Super-Change Agent

Susan Stryker is changing the conversation on transgender issues and more at UA Institute of LGBT Studies

If you missed viewing excerpts from Susan Stryker's film Christine in the Cutting Room at downtown's Playground Bar & Lounge, I feel your pain.

After sitting in Stryker's office and listening to her talk about her project, which focuses on the world's most famous transsexual, Christine Jorgensen, I'm kicking myself for not being there.

Stryker, associate professor of gender and women's studies and director of the Institute for LGBT Studies at the UA, says she wants to change how we think about queer media with this project. Jorgensen wasn't the first person to change genders. But in 1952 she became a celebrity because of that decision and the times in which her transition took place.

The clip Stryker plays on her office computer practically jumps off the screen: a narrator speaks from Jorgensen's point of view, with film and photos of Jorgensen mixed in with clips that highlight the tensions of the era, such as fear of communism, fear of the unknown and fear of the nuclear bomb. It's what Stryker describes in the clip as "the Age of Anxiety."

Stryker says the project, when complete, won't be a typical documentary. It's not, for instance, like her previous film, Screaming Queens: The Riot at Compton's Cafeteria, which won a 2006 Emmy for telling the story of what's considered the first militant queer resistance to police harassment in San Francisco, three years before Stonewall in New York.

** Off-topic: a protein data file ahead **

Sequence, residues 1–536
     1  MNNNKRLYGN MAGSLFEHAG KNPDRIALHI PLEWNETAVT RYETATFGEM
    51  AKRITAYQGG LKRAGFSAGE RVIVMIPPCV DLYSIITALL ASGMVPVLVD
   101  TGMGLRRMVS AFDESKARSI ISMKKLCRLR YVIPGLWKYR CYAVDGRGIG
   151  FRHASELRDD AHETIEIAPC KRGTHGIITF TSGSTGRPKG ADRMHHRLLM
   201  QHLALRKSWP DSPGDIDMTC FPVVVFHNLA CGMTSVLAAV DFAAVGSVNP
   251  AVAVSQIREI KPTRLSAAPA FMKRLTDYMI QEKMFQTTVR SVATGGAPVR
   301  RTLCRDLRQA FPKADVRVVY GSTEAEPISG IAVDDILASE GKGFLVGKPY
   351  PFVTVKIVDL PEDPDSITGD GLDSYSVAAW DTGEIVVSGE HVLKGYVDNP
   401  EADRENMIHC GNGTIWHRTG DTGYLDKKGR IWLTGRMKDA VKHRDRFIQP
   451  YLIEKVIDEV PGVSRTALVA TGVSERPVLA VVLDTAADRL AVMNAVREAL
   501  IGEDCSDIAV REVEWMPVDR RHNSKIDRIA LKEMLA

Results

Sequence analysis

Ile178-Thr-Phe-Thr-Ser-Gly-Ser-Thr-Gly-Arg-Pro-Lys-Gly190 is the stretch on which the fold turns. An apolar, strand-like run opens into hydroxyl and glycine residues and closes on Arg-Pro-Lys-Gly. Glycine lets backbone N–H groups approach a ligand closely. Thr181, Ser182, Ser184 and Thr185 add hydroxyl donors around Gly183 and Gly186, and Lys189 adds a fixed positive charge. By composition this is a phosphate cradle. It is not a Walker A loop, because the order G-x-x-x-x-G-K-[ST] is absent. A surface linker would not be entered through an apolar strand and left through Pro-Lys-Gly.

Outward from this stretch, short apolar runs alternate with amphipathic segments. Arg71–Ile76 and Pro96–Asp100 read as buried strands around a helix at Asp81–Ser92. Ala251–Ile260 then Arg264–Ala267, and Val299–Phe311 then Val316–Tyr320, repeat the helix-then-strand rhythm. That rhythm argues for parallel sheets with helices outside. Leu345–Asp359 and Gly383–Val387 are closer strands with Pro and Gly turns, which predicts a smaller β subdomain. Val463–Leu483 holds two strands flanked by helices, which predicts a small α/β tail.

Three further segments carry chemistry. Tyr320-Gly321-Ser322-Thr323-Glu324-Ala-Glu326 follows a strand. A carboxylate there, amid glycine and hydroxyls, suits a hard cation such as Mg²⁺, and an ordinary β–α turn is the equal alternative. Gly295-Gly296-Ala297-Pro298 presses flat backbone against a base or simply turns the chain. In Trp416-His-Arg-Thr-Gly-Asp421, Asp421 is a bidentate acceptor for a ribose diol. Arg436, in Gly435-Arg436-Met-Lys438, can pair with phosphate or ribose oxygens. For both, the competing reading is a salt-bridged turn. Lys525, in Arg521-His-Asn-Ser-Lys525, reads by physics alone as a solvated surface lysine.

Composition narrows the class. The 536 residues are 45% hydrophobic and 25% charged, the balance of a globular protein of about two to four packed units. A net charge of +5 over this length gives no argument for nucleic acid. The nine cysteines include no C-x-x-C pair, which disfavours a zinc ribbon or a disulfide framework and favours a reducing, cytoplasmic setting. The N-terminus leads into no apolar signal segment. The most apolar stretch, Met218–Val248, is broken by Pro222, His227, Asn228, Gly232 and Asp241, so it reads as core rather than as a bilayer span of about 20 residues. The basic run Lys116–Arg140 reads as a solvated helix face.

"This is a multimedia experience. It's going to be more about using Christine Jorgensen's story to explore the relationship between embodiment and image, and between cinema and surgery, than just a typical bio-pic. Jorgensen is a really interesting case," Stryker says.

"She was trained as a photographer and film editor before she became a celebrity for being transsexual. What I see when I look at her is somebody who knew how to make images whichever side of the camera she was on. Some of her appearance-making practices involved cutting film, and some involved cutting her body. I want to look at the relationship between those practices in my media project, and make people conscious of the different 'cutting' practices going on in her work through how I present her story. I want people to interact with the media in lots of different ways, not just seeing an image on a screen."

During two sit-downs with Stryker, the word change comes up often in our conversations. There's no doubt that this historian, academician, filmmaker and activist is a change agent through her work, and she's also amazingly persistent.

"If we talked 20 years ago about what I was going to do, if I said, 'Help create a field in transgender studies, teach graduate students, create a graduate program, help create a whole new field,' you'd have ..." Stryker pauses and feigns a yawn. "OK, maybe you would have rolled your eyes."

Back then, the ideas of marriage equality and of gays and lesbians serving openly in the military were barely a dream in the LGBT community. So, yeah, Stryker is probably right. People would have rolled their eyes, or at least been patronizingly nice.

But Stryker, a transsexual lesbian woman, decided 20 years ago it was time to change the conversation on transgender people, and that's exactly what she's done.

"I decided 20 some years ago that—partly out a sense of outrage—I was going to change things. Not in a kind of a heroic sort of way and certainly not feeling like I'm the only person who ever felt like this. There's a real social movement of people working in many different fronts on this," Stryker says.

"I just decided, look, what do I have to bring to the table in this social justice struggle? I am a historian. I'm an academic. What do I do? I change how people think ..."